Senior Lecturer in Geography, University of Cambridge

I am a political ecologist with diverse research interests around a central theme of biodiversity conservation and its relationship with society. My current research activities can be divided into three themes: (i) investigating the relationship between conservation and development at the landscape scale in developing countries, (ii) investigating the role of values and evidence in shaping the decisions of conservationists and their organisations, and (iii) investigating the social and political implications of new technologies for conservation.

Under the first theme I am a co-investigator in The Development Corridors Partnership, a major collaborative research and capacity development project funded by the Global Challenges Research Fund. This project, led by colleagues at UNEP-WCMC, is seeking to improve knowledge and capacity for the delivery of environmentally and socially sustainable development corridors in East Africa. Previously, I was a co-investigator in Sustainable Poverty Alleviation from Coastal Ecosystem Services (SPACES), a three-year ESPA funded project, that investigated trade-offs between ecosystem services on the coasts of Kenya and Mozambique. Under this theme I currently supervise two PhD students (Katy Jeary and Annette Green) who are working on the relationship between conservation and agricultural development in Uganda and Tanzania respectively. Bringing my interest in food and conservation closer to home, I am a PhD co-supervisor for Emma Garnett, who is working on strategies to reduce meat consumption in the UK.

Under the second theme I am the lead researcher on the Future of Conservation project, the first large scale global survey of values held by conservationists. I also lead the GO-FOX project, which is developing tools based on the Future of Conservation Survey that will enable groups and organisations to identify and reflect on their values. Under this theme I am also interested in the challenge of interdisciplinary and intersectoral communication in conservation - an issue particularly important to me having made the transition from natural to social science during my career.

Under the third theme, I am interested in the implications of digital games for conservation, and the potential social and political implications of the increasing use of surveillance technologies (such as drones and camera traps) in conservation, particularly in the global south. As well as conducting research on games, I am an Advisor to Internet of Elephants, a startup social enterprise that is seeking to deliver conservation impact through the gamification of wildlife movement data. I have a PhD student, Trishant Simlai, working on surveillance technology and conservation in India.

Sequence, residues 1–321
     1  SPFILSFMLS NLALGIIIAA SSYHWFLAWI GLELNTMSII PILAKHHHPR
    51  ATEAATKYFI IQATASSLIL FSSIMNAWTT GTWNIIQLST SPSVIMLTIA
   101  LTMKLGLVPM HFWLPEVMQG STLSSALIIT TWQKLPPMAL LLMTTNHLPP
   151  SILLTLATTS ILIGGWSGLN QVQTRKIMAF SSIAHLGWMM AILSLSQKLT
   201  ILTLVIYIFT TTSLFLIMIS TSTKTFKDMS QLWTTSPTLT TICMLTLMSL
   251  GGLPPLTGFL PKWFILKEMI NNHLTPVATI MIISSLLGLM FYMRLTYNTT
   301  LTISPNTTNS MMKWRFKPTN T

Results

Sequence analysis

A cross-cutting theme in much of my work is the role of market-based instruments in conservation. This began with my PhD, which investigated the impacts of nature-based tourism at Bwindi Impenetrable National Park in Uganda. I continue to have an interest in tourism, and I have also worked on REDD+ and the attitudes of conservationists towards market-based conservation.

I am strongly committed to building capacity in conservation, particularly among future conservation leaders. I contribute to this process through my work on the Masters in Conservation Leadership at the University of Cambridge, for which I am the Director, and through ongoing involvement in capacity development work across the Cambridge Conservation Initiative, for which I am a Council member.

I am an Associate Editor for Conservation and Society, a Handling Editor for Conservation Biology, and Secretary of the Board of the Social Science Working Group of the Society for Conservation Biology.

Experience

  • –present
    Senior Lecturer in Geography, University of Cambridge

Education

  • 2007 
    University College London, PhD in Anthropology